Known as RangeTool, this tool helps member states convert locally available data about the occurrence or observation of species and habitat types into a standard format. Besides providing a consistent format, the tool also computes the range for the selected species or habitat types. Both outputs are based on a user-chosen grid system (either national or Europe-wide). Both are represented as merged cells of the original reference grid that was provided as input.

While RangeTool generates distribution data by simply combining the different data provided by the member states and matching it with the grid cells, a more complex approach is needed for calculating the range. A natural range is determined by ecological conditions. It can be discontinuous and have gaps. Incomplete observational data also contains gaps. During the previous Article 17 reporting period, each member state designed its own algorithm for calculating range. As a result, the quality of reported ranges was uneven.

RangeTool generates grid-based ranges for species and habitats in an automatic and consistent way. It uses as input a grid-based map of distribution derived from locations of confirmed sightings or occurrences. In addition to existing distribution data, the tool requires information about the correlation between certain species or habitat types and biogeographic regions. Such data is provided in tabular form and GIS format by the ETC/BD.

RangeTool leverages both formats to adjust the generated ranges to existing biogeographic regions. Consequently, the range will extend only over those biogeographic regions for which species or habitats were reported as present. It also provides a method for excluding from the range locations and areas where certain species or habitat types cannot extend such as a large body of water for terrestrial species or habitats or large urban or industrial areas. The tool can generate a single range for species split across multiple files, even when geometries differ.

Sperm whale, another mammal on the IUCN Red List of Threatened Species (Photo By Gabriel Barathieu)

Sperm whale, another mammal on the IUCN Red List of Threatened Species. (Photo By Gabriel Barathieu)

RangeTool also offers quality control for input data. It uses the tabular data about the correlation between species, habitats, and biogeographic regions. The tool can inform the user about the lack of presence in an expected biogeographic region, or conversely, the presence in an unsuitable biogeographic region. Optionally, the RangeTool quality control can also make use of the data reported by member states regarding the occurrence of particular species or habitats in Natura2000 sites (along with the geographic extent of the sites). In this case, the tool also notifies users about the lack of occurrence or observations data about species and habitat types in the sites in which the species or habitat have been reported but where no distribution data was provided.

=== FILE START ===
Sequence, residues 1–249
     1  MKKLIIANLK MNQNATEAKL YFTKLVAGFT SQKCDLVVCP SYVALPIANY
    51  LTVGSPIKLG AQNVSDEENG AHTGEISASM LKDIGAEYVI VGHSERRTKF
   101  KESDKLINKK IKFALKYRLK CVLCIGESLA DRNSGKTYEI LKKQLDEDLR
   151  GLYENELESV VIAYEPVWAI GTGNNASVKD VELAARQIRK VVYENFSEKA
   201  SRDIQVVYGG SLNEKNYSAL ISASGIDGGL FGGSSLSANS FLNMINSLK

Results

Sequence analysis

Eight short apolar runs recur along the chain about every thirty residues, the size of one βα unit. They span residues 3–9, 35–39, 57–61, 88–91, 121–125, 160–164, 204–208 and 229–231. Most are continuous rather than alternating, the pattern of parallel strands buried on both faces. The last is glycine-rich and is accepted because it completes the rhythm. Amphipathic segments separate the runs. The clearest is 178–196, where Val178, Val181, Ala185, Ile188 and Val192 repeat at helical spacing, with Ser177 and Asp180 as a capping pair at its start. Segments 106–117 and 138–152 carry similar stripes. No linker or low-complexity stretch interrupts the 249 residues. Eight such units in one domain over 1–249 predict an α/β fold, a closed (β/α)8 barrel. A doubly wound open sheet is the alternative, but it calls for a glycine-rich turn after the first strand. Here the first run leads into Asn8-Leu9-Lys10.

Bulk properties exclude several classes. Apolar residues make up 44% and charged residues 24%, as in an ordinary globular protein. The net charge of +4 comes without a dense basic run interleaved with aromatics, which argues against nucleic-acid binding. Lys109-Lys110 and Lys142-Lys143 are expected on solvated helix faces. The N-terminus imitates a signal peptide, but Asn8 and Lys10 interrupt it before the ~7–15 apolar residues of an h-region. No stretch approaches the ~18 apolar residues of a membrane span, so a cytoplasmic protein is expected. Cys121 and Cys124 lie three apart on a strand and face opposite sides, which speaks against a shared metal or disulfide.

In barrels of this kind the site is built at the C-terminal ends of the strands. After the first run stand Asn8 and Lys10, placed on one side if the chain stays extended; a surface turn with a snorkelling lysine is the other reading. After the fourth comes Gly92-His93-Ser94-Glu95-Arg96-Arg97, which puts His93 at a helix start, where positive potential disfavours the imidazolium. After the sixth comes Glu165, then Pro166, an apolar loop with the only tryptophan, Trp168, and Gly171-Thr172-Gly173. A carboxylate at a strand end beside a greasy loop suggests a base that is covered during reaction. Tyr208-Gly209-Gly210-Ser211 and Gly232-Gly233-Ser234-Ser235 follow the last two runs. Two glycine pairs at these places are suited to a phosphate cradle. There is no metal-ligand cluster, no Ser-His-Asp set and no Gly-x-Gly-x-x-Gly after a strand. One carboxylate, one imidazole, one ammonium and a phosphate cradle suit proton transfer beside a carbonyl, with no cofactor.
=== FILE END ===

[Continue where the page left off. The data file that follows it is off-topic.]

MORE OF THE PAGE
Conclusion

RangeTool helps EU member states harmonize available spatial data about species and habitat types of community importance so they can submit standard reports in June 2013, making the assessment of the conservation status for European biogeographic regions easier and more accurate. RangeTool can be downloaded from the European Topic Centre on Biological Diversity website.

Wolverine, a species on the IUCN Red List of Threatened Species. (Photo by Zefram)

Wolverine, a species on the IUCN Red List of Threatened Species. (Photo by Zefram)

Get more details about the 2007 assessment of the conservation status.

About the Authors

Lurie Maxim, PhD, is GIS manager for TeamNet Solutions International from Romania. He worked as director of UNESCO Pro Natura NGO, as head of protected areas service within the Romanian Ministry of Environment, and as Article 17 project manager in the European Topic Centre on Biological Diversity of the European Environmental Agency. He has extensive experience in GIS as related to nature conservation and protected areas.

Brian Mac Sharry, PhD, is a GIS manager at the European Topic Centre on Biological Diversity of the European Environmental Agency. He has extensive experience in GIS as related to nature conservation and protected areas at both the national level (in Ireland) and at the European level.

Daniel Urda is a GIS developer at TeamNet Solutions International. He has extensive experience using the ArcGIS framework for developing tools for nature conservation. He graduated with a degree in computer science and is currently studying for a master's degree in distributed systems at Vrije University, Amsterdam.